The Emily Dickinson International Society invites creative and scholarly presentations investigating how the work of Emily Dickinson explores, accepts, and rejects the ideas of ecocriticism and radical homemaking. How does her work portray the value of the natural world? How can we (or can we) place her work within contemporary discussions of domesticity and radical homemaking? While we are, of course, interested in projects that focus on Emily Dickinson, we are open to discussions of poetry in general, particularly the ways in which poetry continues to be sustained amid technological advances that both threaten and enhance traditional ways of teaching, writing, and reading poems.
Keynote Speakers: Dr Bronwen Thomas (Bournemouth University), Dr Naomi Braithwaite (Nottingham Trent University)
28-29 November 2014 Institute of English Studies, Senate House, University of London
'I like to reinvent myself — it's part of my job.' – Karl Lagerfeld
In 2014, the 3rd annual Marginalised Mainstream conference will consider the varieties, motivations, and meanings of disguise. From secret identities to theatrical performances, from fictional fabrications to factual concealment, disguises of all sorts are part of mainstream culture. This event will explore various manifestations of disguise in popular fiction, media, and culture that have previously been academically marginalised.
Within the past 50 years, practitioners of cultural studies and the humanities more generally have addressed the question of hunger in terms of the immediate, individual body. For example, scholars such as Susan Bordo have considered the ways in which individual practices of self-imposed hunger (for example, anorexia and bulimia) have played a significant role in the maintenance of Western, patriarchal standards of beauty and heteronormative relations. Although this present study acknowledges the contributions made by earlier interventions such as Bordo's, it ultimately seeks to address the question of hunger within a wider, historical-materialist framework.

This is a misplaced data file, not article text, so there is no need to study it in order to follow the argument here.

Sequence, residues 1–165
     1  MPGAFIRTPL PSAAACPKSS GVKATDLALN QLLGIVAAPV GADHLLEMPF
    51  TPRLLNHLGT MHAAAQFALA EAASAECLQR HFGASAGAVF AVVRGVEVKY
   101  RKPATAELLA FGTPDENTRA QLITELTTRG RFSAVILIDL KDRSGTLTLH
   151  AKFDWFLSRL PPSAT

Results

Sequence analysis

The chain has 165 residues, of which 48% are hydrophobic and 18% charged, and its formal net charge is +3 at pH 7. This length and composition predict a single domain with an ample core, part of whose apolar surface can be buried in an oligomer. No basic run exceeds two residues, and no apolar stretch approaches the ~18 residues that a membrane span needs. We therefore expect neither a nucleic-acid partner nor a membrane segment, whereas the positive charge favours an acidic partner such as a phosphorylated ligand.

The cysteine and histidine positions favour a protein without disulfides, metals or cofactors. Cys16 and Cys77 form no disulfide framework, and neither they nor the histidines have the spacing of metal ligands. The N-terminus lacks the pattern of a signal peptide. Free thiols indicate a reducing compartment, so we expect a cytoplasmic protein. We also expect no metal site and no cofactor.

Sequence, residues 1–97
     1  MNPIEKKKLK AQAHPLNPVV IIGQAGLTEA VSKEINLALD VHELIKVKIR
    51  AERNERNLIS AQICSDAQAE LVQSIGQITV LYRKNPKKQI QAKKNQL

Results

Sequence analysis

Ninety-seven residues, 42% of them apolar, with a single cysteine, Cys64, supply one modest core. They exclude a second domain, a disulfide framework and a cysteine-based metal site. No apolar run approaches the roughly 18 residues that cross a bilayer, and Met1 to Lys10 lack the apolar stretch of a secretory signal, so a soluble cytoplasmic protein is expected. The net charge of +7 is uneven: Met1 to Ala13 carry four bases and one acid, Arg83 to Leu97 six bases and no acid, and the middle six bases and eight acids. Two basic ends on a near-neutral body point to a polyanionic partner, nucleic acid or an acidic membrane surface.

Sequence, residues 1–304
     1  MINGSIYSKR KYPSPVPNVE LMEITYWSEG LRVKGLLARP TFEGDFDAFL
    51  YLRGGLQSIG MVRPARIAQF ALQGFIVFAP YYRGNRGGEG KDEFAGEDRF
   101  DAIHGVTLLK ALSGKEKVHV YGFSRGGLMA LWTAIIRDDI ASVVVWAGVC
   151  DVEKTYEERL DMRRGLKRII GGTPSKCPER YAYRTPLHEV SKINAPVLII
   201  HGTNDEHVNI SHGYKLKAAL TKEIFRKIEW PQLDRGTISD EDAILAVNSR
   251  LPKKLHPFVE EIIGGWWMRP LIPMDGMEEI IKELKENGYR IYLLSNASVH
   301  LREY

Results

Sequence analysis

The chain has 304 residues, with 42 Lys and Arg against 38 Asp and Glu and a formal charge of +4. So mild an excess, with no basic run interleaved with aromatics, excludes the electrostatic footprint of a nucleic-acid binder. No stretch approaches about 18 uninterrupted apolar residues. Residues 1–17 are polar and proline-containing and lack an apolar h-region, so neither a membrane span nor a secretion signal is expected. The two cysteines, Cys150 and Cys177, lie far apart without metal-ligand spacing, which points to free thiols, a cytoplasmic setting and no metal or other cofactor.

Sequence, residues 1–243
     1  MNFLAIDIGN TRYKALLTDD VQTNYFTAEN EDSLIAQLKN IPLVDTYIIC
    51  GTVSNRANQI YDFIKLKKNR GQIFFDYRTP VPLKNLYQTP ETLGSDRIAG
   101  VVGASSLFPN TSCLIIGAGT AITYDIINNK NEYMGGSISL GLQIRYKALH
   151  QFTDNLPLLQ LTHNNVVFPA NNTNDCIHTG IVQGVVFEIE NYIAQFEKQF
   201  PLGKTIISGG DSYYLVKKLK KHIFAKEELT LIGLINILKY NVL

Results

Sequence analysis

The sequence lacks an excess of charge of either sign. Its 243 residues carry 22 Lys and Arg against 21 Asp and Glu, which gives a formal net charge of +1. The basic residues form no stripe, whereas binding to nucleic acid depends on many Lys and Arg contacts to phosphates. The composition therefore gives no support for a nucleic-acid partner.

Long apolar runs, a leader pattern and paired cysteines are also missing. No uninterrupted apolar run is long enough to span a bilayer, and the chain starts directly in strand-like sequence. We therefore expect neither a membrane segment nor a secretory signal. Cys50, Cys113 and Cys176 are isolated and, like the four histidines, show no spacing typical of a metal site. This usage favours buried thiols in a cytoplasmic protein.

The concept of "world literature" which was first suggested by Goethe while he was talking with his friend and student Johann Peter Eckermann on the 31th of January, 1827, started to be discussed specially after mid-20th century. Although nobody can demarcates, it became a field of study by the help of works by David Damrosch, Pascale Casanova and Franco Moretti.
African American Literature
Co-chairs: Tiffany Austin, André S. Johnson
"April in Paris": African American Expatriate Writers
Southern Humanities Council Conference
January 29-February 1, 2015
The Foundry Inn
"Virtues and Vices, Desires, Devices"
As humans, we are continually examining how to position ourselves spatially, aesthetically, emotionally, intellectually, and practically in our environments. Today, we face these tasks with new urgency as the devastating impact of global climate change stimulates renewed scholarly focus on the environment. From Ecocriticism to Posthumanism to Deep Ecology studies, the humanities are engaged in a multi-disciplinary effort to understand how humans interact with natural and built environments. This conference aims to engage with and foster discussions around the complex and historically situated ways in which we imagine and inhabit the environment.
What aspects of sixteenth-century literature and culture continue to fascinate to this day?